Megan Ganz: "I don't think that it's the foolishness of the dream, so much as that he wants to be a Jackie O, a figurehead, a fashion icon. It's about the sadness of letting go of the dream, that he never got to walk down Pennsylvania Avenue on the president's arm. We'll want to see him carefully folding the tissue paper over the dress and putting it on a high shelf."

Todd Hanson: "Do we talk about his dream of being the first male first lady?"

Dan Guterman: "I think it's funnier if we leave gender out of it entirely."

Megan Ganz: "It's like: 'It's such a lovely dress,' said Bill Clinton, the 62-year-old ex-president. I think you want to stick mostly to the sadness."

Joe Garden: "I feel a hope chest is in order. He'll put the dress in a hope chest for Chelsea."

Todd Hanson: "No, I think it's got to be his hope chest, full of all the stuff he's been buying in anticipation of being first lady. He presses the dress to his decolletage, lets out a wistful sigh and carefully lays the box in among the fancy china he'd bought to entertain heads of state with. He'll have a pair of those white gloves with the buttons that women don't wear anymore and imagining all the heads of state he would have gotten to greet."

Seth Reiss (falsetto, pantomiming the wistful proffering of a regal hand): "Good afternoon, Mister Ambassador. How do you do?"

Dan Guterman: "While a grandfather clock ticked in the background, he carefully lowered a gramophone needle to a worn LP, held the dress and slowly danced around the room to the crackling strains of 'The Way We Were.' "

A wave of unrestrained laughter broke in the room. Editor Joe Randazzo gave a skeptical half turn of his head. "I just hope this works," he said.

The Onion, which celebrates its 20th anniversary this year, published its first issue in 1988 on the campus of the University of Wisconsin at Madison. It was conceived by students Tim Keck and Chris Johnson, who were in their early 20s. The early days were so unremunerative that Keck and Johnson purportedly were often reduced to unhappy lunches of white bread topped with raw onions, a meal that inspired the paper's name. In 1989, Keck and Johnson sold the paper to Onion cartoonist Scott Dikkers, then 24, and publisher Peter Haise, 21, for $16,000. Tim Keck is now publisher of the Stranger, a Seattle weekly alternative paper. Johnson is an owner of NuCity Publications, which publishes the Weekly Alibi in Albuquerque.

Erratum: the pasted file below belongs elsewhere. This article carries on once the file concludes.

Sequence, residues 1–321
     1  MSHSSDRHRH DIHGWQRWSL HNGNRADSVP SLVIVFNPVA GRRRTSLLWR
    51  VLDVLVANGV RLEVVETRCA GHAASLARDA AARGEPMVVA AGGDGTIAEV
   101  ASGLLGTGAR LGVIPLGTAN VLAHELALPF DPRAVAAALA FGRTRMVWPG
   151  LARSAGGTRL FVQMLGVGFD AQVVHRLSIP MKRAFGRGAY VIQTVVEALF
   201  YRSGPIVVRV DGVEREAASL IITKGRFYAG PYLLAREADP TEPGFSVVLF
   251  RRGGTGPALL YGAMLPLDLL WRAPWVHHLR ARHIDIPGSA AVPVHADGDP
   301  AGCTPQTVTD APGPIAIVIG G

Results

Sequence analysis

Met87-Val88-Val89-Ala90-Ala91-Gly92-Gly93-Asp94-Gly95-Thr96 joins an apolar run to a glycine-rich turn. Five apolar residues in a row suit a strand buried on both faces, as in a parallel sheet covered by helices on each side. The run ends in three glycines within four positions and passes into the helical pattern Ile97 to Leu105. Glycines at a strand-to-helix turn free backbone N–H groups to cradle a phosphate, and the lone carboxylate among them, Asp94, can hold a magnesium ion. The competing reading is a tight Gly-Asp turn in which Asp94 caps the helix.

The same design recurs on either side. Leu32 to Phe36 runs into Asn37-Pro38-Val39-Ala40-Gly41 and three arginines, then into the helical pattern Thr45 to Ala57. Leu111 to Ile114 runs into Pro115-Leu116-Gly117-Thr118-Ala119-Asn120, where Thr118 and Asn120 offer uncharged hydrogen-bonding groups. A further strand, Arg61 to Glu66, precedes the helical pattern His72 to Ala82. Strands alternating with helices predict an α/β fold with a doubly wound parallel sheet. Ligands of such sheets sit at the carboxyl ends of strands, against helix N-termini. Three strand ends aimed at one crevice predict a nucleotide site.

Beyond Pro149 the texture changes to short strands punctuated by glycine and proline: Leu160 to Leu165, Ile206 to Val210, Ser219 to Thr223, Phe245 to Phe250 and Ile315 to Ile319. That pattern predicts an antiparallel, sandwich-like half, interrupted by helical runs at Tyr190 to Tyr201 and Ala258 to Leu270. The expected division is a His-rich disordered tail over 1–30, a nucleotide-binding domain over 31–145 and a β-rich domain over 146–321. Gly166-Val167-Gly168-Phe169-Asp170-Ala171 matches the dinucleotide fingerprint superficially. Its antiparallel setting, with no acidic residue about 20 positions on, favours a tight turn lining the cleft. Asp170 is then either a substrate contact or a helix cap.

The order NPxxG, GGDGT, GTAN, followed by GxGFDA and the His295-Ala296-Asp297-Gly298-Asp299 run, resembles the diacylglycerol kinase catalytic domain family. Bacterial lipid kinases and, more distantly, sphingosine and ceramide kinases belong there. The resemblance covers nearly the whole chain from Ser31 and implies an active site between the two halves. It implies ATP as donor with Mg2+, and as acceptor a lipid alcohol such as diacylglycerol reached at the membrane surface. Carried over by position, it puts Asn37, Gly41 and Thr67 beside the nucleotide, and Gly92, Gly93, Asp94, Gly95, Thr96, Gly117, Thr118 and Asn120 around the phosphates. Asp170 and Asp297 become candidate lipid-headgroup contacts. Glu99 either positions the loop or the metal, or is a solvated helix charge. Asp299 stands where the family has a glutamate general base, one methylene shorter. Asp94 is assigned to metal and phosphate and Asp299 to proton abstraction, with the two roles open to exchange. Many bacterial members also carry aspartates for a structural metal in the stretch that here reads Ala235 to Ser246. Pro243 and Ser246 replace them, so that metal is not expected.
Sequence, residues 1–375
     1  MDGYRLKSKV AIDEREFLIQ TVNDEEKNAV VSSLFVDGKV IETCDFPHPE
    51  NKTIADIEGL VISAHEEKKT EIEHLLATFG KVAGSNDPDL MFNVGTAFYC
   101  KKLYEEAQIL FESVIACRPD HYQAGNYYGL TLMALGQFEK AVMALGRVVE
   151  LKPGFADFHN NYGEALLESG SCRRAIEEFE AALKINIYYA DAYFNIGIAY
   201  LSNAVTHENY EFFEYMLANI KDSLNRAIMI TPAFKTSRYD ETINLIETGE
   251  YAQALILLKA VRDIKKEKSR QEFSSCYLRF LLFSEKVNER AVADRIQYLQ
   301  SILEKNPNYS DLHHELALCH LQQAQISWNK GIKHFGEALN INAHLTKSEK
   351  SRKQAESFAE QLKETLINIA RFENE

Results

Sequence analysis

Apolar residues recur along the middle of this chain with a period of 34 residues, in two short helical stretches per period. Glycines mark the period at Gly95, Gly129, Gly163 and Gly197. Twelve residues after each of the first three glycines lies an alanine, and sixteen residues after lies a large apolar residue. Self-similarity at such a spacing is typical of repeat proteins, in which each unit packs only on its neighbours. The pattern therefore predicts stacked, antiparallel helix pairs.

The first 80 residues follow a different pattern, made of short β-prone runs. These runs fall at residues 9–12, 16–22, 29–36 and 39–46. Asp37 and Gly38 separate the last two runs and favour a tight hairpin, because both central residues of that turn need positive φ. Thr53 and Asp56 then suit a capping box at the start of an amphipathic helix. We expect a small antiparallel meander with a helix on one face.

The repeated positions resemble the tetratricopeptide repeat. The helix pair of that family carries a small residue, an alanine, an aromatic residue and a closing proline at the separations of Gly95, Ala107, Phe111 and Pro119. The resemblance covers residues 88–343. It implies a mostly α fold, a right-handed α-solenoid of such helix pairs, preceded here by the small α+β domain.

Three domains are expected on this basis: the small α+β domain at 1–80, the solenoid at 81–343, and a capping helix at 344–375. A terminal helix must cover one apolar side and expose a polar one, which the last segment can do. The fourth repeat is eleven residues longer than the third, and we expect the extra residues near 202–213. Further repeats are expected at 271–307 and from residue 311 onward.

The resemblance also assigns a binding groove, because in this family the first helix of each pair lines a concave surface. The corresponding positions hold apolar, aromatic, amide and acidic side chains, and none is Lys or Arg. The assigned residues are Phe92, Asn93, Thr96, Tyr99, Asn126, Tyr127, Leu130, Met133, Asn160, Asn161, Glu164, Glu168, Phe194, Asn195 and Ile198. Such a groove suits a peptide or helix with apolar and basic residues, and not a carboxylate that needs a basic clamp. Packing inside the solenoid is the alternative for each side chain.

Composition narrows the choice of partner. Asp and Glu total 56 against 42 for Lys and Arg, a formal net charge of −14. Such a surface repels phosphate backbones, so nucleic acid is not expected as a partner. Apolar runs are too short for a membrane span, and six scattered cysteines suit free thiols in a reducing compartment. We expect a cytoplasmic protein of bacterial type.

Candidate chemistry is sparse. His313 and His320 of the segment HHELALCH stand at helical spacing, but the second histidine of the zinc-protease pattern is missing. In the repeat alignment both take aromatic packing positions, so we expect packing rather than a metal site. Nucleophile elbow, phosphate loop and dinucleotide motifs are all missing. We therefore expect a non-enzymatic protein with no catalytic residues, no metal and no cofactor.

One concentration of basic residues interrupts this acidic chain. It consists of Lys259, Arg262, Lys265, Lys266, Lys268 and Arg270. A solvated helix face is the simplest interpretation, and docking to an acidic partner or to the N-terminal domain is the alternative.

Under Dikkers and Haise, the paper spread beyond Madison to a handful of cities: Milwaukee, Chicago, Boulder, Champaign-Urbana. Its climb to national prominence started in 1996, when the Onion's Web site launched.

"I remember thinking, 'This is nuts; no one's going to look at this thing on the computer,'" Joe Garden, then a contributor, said. "I thought the Web spoiled the whole concept of the Onion. I thought: It's a paper, a parody of an existing medium. That's what makes the jokes work."

But the Web site speedily went viral, and, in the meantime, the black-and-white print edition had undergone a full color renovation, with spoof schlock sidebars ("Infographics" and "Statshots," e.g., "What Are We Dipping Our Snack Foods In?"), refining its nose-thumbing at the McPaper design conventions of USA Today. Beyond its riffs on politics and pop culture, the Onion's distinctive voice coalesced in the journalistic chronicles of its workaday protagonists, the Area Man and Woman, whose small-caliber vicissitudes ("Area Man Forces Self To Drink Another Free Refill," "Area Man Expected To Work With These Incompetents") would ultimately build into an epic literature of American alienation writ small, and in arid AP-style prose.